World leaders at the Third Financing for Development Conference in Addis Ababa have signed up to the Addis Ababa Action Agenda, a new global agreement on how efforts to end extreme poverty will be funded. Alongside the Addis Ababa Action Agenda, several governments made individual commitments on topics ranging from aid to mobilising domestic resources to investing in better data collection to track progress.
EU joined more than 30 stakeholders in signing up to the “Addis Tax Initiative”, intended to strengthen tax systems in developing countries, including through a promise to double aid to support unleashing of domestic resources.
Tamira Gunzburg, Director of ONE Brussels, said: “We are pleased to seethe European Commission prioritising the unleashing of developing countries’ own domestic resources.”
“In order to complement its support to partner countries in combating illicit financial flows, the EU should now pass legislation obliging large multinational companies to publicly report their tax information on a country-by-country basis.”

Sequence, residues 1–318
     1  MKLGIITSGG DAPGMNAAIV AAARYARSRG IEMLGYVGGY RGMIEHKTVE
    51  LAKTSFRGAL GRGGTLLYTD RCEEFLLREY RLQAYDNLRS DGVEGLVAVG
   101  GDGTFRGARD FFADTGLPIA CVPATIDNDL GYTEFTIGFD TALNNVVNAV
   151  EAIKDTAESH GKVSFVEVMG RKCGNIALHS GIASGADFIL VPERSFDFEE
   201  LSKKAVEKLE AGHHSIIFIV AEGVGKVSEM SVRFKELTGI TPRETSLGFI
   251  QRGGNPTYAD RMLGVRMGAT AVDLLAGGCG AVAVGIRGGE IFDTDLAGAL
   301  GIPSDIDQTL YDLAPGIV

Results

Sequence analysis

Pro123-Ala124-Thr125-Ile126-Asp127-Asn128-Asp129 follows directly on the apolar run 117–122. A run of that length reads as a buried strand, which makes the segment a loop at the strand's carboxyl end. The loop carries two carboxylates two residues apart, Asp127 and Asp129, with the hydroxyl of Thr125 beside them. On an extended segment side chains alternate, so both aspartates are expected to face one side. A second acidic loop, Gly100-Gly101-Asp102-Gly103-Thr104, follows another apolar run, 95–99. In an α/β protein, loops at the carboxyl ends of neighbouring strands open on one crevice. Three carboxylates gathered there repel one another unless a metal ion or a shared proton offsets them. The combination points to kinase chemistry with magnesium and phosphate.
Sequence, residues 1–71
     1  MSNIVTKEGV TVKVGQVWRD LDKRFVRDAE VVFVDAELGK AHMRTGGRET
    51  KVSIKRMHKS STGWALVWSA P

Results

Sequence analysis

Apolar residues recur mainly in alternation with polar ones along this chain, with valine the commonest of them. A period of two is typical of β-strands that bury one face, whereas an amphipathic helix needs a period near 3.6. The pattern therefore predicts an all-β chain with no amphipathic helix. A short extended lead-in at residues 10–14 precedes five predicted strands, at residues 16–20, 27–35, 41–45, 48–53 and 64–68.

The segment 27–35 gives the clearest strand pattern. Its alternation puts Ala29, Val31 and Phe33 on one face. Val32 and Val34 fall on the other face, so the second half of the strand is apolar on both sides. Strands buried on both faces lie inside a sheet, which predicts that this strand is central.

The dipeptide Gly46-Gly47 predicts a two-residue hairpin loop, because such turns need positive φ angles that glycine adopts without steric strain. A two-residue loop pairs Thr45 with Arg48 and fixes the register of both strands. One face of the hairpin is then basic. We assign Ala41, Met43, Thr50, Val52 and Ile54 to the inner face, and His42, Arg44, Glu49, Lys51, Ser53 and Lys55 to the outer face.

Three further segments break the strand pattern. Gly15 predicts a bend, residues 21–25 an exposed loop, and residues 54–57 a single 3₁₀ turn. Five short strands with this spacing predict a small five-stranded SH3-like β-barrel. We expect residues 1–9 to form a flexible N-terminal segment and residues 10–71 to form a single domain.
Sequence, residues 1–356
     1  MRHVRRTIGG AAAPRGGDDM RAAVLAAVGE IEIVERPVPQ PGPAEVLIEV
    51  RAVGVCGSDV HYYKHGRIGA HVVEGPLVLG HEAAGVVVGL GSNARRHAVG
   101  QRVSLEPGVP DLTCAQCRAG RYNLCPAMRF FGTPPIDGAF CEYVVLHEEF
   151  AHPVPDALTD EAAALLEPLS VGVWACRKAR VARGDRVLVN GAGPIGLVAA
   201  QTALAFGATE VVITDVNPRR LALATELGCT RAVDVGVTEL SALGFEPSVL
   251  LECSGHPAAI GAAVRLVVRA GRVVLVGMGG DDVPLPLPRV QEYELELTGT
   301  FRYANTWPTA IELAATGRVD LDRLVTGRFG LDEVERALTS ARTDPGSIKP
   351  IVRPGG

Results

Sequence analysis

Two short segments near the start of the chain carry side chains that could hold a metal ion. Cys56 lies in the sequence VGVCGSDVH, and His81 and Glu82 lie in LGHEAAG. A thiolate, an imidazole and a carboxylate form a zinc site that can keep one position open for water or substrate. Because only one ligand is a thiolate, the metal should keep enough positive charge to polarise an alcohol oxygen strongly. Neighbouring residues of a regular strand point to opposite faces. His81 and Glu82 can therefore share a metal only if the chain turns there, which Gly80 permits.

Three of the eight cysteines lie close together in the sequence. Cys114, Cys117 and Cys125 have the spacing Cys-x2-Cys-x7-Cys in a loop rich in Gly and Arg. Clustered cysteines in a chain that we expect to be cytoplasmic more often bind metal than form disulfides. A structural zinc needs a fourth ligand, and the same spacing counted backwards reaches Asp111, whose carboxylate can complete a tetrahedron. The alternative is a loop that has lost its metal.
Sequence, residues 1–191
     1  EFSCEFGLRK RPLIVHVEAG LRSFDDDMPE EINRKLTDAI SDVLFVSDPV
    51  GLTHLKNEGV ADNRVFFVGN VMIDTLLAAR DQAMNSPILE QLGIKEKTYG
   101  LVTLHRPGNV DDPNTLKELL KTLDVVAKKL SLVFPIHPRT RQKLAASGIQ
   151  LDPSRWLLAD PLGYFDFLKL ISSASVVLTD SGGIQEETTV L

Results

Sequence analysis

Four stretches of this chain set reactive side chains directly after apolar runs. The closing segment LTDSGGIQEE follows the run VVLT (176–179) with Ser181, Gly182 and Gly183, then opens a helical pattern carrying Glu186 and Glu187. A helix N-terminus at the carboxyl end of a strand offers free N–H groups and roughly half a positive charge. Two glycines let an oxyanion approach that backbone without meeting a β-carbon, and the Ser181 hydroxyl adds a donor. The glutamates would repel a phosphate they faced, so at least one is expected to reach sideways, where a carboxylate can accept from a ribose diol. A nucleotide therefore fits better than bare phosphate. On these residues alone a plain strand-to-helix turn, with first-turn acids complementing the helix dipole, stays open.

Earlier this year, EU member states reconfirmed their promise to collectively increase aid to 0.7% of national income, this time within the timeframe of the post-2015 development agenda, and to direct 0.2% of national income towards the poorest countries within the same timeframe.
Gunzburg continued: “The EU as a whole remains the world’s biggest donor, and has reaffirmed its existing promise to increase aid, also to the poorest countries. Yet there is no plan to increase the share of aid being invested in those countries that need it most.”
“In light of the forthcoming Global Goals to end extreme poverty, the next step for the EU will need to be a prioritisation of the poorest countries by directing half of aid there.”
The Brussels Times